It turns out that the pizza here is very, very close to eating pizza in Italy and I’m very happy to say that. I do have a few complaints, but not with the food. For one thing, the pies are way too expensive at around $30. Secondly, in Italy pizza is generally a takeout food, meant to be eaten cheaply and on the go. If Via Napoli would add a small takeout shop where the pizza would be all to go that would go a very long way toward authenticity and popularity.
- Beer, beer, beer – I would be amiss if I didn’t mention the fantastic beers available in Epcot. It is entirely possible that I sampled (way too) many of them. In order of preference (I don’t remember all of the brewery names): 1. Guinness (always #1) – 2.German Oktoberfest - 3. Boddington’s from England – 4. Amber in Italy (I was surprised) – 5. Sam Adams Noble Pils from the good ol’ USA – 6. Casa Beer from Morocco (even more surprised) – 7. Kirin Ichiba from Japan – 8. Dos Equis from Mexico (I’ve had this many times, but there had to be something wrong with their taps, this was not good) – 134. Kronenburg 1664 from France (yuck).
Just for reference, I’ve also had many Canadian beers which I like as well as Carlsberg (okay) and Tsing Tao from China (one of my least favorite beers ever)
- Chef Mickey’s – This is another one that we did so my daughter could get closer to the characters. The character interaction was again fantastic. What really surprised me was the food. It wasn’t great, but it was pretty good which was much better than I was expecting it to be. This is almost always recommended for kids and I have nothing else to add to that.
- T-Rex Café – I’ve eaten at Rainforest Café and it’s no coincidence that their slogan is “A Great Place to Shop and Eat.” What’s weird about that? If you owned a restaurant, would you put shop first or eat first? Yeah, I thought so. Anyway, I didn’t have high expectations since T-Rex is the same ownership group. It was definitely better, but still not great. What was great was the theme and the realistic nature of the dinosaurs. What was overpriced and nothing special was the food.
We stayed on this trip at the Port Orleans French Quarter resort, so most of this section is about that resort. In addition, I’m going to mention the Caribbean Beach resort, which I have stayed in before, as well as Port Orleans Riverside, which I have visited, but never stayed in.
Port Orleans French Quarter
This was my second stay at Port Orleans French Quarter, although my first was as a teenager, so I was curious to see if I still liked it as much as I remembered. I think I was actually happier with this resort than I expected to be.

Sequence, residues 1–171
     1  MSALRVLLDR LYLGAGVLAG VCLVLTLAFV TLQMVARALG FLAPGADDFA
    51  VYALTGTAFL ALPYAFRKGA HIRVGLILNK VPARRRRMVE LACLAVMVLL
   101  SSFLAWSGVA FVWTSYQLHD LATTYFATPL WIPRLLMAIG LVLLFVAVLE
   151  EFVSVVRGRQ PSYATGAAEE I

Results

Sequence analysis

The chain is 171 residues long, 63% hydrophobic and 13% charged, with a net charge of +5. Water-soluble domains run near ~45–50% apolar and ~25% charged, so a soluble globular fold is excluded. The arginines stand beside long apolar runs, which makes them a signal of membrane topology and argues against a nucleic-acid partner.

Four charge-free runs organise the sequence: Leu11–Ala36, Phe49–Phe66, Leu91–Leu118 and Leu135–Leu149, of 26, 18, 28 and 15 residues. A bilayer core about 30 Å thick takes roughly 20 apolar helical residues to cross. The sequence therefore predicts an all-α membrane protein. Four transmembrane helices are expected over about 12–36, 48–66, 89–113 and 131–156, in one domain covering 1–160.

The landscaping and the layout are not only beautiful, but they really add to the quaint feeling of the resort. The courtyards and riverbanks allow for some quiet contemplation, which is rare for a Disney vacation (at least for me). I think I took about 100 pictures of all the fountains, trees, and those awesome crocodiles near the pool.
Now, in fairness, I got to explore French Quarter a lot because on all but one day we went back to the hotel for naptime. During nap I usually just wandered around either French Quarter or Riverside (below) and occasionally ended up at a poolside bar. Despite my thorough exploration of French Quarter, I never got bored of walking the cobblestoned streets and listening to the piped in jazz.
All of that is not actually the best thing about French Quarter, the size is the real treat. The resort is so small that no room is far away from anything else, avoiding those long walks that can be a problem at some of the larger resorts. Also due to its size, French Quarter only has one bus stop which is nice.
The only complaint I have is that French Quarter occasionally shares a bus with Port Orleans Riverside, which has 4 stops and many more rooms. This only seems to apply to Epcot and Hollywood Studios, but I still found it to be a pain. The way to those parks took longer due to the extra stops, but that can be forgiven once you know to plan for it. The real problem comes at the end of the day because the line for the joint Port Orleans buses gets very, very long. This means that it takes longer to get on the bus, the buses are more crowded, and everyone starts getting annoyed. Again, there is an advantage to French Quarter since it is the first drop off.
I should probably touch on the actual room, because I’m sure that’s important to some when considering a hotel. We managed to nab a newly refurbished room (about half of the resort has been refurbished so far), and it was obviously new. The beds were bigger (queen) with very nice wood headboards and all new bedding. The appointments were very nice and did a much better job of incorporating the resort theme than the previous decorations. The room would have been a little small if I was working in there, but considering we basically just slept and showered there, the size was no issue for us.